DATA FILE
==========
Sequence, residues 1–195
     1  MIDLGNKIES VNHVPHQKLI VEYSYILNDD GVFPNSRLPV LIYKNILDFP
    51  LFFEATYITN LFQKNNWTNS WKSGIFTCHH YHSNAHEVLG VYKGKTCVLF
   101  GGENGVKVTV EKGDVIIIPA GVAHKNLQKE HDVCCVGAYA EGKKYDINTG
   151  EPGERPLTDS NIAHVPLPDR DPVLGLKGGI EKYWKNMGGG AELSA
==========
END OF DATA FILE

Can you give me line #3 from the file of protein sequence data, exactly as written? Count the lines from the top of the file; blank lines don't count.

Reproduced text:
    51  LFFEATYITN LFQKNNWTNS WKSGIFTCHH YHSNAHEVLG VYKGKTCVLF